Where are the “soft on crime” conservatives when you need them? This is the perfect story for Republicans to use in attacking President Obama’s policies. Why are they so silent?

I want the elite criminals who ran the control frauds to be prosecuted and imprisoned if found guilty. Under President Bush, the Justice Department’s prosecution of financial frauds was pathetic. Even though financial fraud reached unprecedented levels, the Bush administration prosecuted fewer than one-half as many financial frauds as during the S&L debacle. The bad news is that the Obama administration has proven even more disgraceful failures in holding elite criminals accountable than did the Bush administration. The Obama administration has convicted a few bankers from non-elite banks and it may eventually convict a token elite banker, but it will continue to fail systemically to hold elite bankers accountable for their frauds.


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  • Suse

    this is a pathetic state of affairs. I am sure the conservatives who have stated “let the housing market settle itself ”  (free market apostles) with no thought of the suffering of millions of middle class home owners will certainly not be heard from on this issue!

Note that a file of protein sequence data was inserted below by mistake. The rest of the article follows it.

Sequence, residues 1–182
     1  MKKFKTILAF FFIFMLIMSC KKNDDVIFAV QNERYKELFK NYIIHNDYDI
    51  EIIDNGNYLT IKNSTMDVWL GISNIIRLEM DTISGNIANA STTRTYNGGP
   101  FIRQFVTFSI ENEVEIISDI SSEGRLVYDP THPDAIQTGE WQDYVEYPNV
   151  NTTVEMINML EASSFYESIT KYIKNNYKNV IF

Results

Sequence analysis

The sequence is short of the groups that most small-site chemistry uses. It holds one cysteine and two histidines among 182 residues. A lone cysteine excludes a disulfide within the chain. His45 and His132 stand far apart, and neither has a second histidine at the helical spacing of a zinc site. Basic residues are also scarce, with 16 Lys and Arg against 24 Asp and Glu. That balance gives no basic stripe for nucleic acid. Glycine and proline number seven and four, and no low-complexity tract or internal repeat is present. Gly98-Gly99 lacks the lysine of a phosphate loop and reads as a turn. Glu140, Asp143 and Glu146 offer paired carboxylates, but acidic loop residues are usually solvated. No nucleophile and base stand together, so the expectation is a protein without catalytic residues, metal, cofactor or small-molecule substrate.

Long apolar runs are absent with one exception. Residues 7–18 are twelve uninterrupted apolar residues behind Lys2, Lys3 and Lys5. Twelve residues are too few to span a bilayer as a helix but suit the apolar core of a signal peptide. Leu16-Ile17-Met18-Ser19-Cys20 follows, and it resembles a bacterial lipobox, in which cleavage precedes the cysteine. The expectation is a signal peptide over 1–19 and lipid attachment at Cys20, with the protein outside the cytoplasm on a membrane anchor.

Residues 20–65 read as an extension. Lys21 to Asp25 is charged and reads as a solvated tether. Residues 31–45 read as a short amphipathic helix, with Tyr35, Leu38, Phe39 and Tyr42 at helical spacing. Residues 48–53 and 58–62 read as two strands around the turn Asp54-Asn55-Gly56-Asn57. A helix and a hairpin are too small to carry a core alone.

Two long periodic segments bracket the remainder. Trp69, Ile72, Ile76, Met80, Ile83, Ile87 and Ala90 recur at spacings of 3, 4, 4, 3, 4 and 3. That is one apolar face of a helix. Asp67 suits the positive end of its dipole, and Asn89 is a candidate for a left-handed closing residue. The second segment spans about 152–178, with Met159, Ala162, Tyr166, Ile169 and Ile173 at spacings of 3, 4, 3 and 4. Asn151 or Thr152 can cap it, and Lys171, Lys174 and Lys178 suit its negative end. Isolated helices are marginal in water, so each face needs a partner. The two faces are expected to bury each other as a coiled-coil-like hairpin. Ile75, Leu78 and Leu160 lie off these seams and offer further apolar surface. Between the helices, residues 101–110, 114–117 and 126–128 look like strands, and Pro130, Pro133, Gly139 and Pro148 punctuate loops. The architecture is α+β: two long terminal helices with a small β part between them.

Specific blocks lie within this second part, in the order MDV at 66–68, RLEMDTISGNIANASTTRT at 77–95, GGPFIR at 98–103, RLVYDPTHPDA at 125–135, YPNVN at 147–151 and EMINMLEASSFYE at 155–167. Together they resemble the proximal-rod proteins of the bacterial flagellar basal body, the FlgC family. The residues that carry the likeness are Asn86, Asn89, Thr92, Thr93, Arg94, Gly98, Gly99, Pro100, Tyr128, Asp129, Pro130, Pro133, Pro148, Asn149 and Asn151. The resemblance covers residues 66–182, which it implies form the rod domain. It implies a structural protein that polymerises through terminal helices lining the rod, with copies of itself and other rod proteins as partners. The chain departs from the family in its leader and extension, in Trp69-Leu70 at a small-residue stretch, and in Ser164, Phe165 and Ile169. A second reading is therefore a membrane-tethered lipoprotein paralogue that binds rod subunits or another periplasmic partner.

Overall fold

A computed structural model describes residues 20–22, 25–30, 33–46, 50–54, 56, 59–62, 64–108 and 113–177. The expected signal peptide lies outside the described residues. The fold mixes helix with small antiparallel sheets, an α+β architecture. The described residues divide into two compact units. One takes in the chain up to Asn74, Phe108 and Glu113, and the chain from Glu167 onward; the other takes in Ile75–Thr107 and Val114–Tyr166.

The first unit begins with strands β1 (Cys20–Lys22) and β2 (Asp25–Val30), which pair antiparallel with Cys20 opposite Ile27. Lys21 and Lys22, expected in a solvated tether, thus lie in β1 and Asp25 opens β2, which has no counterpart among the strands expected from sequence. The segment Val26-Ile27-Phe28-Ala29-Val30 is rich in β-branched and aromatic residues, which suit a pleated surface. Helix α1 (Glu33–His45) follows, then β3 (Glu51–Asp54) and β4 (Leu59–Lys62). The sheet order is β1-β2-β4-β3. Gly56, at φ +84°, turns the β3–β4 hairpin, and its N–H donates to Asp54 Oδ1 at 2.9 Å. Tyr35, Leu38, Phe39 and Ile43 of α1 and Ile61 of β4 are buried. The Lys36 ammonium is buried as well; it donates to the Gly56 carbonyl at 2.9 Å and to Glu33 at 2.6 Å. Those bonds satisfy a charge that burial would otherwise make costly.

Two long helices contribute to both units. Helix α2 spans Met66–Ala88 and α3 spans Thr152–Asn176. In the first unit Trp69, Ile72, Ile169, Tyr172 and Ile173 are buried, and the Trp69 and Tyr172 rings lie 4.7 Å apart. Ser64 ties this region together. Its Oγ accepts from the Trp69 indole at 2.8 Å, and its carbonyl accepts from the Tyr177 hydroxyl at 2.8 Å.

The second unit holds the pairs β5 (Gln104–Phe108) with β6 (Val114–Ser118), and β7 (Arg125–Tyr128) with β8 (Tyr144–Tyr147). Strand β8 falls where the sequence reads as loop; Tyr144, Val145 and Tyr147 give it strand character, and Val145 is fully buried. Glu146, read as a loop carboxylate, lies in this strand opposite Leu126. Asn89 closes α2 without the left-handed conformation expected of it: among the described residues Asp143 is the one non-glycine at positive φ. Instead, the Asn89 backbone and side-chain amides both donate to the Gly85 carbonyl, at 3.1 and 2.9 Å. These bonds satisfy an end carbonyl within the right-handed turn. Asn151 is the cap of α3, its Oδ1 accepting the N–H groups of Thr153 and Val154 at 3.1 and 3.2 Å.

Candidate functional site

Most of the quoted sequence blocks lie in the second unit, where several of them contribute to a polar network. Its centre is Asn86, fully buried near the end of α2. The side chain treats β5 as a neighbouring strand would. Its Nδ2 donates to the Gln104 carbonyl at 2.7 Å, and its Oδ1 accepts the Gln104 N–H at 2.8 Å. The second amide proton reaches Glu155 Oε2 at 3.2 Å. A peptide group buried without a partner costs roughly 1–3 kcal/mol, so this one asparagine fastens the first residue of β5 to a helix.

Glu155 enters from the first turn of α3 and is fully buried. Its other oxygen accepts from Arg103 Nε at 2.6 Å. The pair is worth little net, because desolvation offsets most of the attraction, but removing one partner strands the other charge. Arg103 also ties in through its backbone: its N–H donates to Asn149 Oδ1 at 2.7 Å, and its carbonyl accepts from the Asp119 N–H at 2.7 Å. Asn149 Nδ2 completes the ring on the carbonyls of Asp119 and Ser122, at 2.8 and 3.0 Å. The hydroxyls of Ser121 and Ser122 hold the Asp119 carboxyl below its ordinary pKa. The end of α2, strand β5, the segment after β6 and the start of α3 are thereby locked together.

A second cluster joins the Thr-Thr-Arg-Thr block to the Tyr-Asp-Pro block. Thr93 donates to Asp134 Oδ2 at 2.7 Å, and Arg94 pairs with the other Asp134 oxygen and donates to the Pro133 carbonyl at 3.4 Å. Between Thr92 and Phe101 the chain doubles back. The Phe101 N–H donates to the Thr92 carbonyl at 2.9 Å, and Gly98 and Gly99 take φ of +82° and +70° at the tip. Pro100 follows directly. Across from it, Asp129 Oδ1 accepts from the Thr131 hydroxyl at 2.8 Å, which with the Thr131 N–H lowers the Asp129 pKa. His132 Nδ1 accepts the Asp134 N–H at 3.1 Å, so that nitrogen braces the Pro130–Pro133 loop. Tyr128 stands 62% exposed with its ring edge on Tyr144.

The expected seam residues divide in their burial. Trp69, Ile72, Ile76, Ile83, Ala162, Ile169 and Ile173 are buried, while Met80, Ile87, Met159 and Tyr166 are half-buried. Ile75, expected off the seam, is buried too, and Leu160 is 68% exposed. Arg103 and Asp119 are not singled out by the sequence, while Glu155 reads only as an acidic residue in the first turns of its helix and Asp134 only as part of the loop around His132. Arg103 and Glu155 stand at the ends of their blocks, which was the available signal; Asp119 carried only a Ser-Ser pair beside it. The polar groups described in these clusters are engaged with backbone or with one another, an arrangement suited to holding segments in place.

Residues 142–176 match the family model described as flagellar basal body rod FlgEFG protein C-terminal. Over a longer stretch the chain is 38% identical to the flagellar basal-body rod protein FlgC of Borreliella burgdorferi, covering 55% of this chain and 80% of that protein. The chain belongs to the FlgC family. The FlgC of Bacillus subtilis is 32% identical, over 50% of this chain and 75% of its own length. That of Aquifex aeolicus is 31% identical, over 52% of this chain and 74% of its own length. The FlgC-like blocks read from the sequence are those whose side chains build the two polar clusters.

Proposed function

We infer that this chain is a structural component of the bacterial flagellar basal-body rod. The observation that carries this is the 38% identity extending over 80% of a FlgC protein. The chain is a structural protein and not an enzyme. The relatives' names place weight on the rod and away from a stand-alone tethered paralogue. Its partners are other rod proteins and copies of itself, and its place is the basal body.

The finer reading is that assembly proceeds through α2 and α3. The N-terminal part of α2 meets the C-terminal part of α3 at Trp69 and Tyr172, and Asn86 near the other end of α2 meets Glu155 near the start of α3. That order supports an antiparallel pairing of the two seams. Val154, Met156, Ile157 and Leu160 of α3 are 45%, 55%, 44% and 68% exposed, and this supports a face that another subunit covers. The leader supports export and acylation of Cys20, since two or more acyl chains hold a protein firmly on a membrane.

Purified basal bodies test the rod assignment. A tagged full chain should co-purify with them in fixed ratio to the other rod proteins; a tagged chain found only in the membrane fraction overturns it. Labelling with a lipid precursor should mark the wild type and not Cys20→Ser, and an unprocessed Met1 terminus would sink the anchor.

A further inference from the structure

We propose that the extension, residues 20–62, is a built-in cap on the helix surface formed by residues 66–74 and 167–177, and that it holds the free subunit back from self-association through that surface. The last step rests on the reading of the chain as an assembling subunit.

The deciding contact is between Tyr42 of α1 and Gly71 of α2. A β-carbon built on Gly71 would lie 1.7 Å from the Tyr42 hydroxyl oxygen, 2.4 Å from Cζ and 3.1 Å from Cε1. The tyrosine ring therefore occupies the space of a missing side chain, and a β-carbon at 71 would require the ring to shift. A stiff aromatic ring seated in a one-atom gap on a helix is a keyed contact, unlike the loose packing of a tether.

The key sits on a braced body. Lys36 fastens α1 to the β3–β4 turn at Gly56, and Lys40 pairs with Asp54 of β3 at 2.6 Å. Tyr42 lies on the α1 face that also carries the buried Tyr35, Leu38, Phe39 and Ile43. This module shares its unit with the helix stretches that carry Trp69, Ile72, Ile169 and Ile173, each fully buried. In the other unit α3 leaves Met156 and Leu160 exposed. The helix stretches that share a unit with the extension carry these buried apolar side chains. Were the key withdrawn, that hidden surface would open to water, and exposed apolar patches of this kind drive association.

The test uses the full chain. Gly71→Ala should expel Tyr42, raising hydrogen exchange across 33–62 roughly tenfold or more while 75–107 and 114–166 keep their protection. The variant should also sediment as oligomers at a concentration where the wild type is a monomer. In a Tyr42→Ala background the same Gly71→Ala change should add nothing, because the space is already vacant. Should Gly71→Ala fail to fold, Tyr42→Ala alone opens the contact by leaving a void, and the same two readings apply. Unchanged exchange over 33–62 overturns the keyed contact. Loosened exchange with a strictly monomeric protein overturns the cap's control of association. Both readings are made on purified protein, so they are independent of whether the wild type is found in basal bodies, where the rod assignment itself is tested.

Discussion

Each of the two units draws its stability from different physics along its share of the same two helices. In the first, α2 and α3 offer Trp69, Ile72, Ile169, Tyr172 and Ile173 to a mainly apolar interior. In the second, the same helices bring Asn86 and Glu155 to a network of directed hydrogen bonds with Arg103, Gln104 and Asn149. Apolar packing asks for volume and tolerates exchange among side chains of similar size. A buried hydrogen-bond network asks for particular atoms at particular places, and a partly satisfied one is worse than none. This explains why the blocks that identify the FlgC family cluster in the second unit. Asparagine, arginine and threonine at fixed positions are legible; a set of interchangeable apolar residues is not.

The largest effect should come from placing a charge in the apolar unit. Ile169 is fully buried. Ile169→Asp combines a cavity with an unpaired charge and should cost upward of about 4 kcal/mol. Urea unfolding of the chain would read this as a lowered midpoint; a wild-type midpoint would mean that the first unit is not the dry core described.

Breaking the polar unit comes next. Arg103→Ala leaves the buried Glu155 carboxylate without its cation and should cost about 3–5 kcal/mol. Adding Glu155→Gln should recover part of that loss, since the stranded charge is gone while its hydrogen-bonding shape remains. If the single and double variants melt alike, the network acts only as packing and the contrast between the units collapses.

• leftofcenter

    I heard Black being interviewed on another show. And while the issue is important, the interview itself was one of the silliest things I’ve ever heard. Black was trying to explain about what should be done to prosecute these people. The more he explained the more he literally laughed and essentially said, can you believe how ______ incompetent these people are?

    This basically sums up the situation now. It’s no surprise that these “tough prosecutions” are now being announced roughly eight months before the election. Please don’t try to tell me it’s just a coincidence. For anyone who still believes that once Obama’s re-elected, watch out! Change is gonna come!

    No it won’t.

  • Roy

    Well said!

  • Suse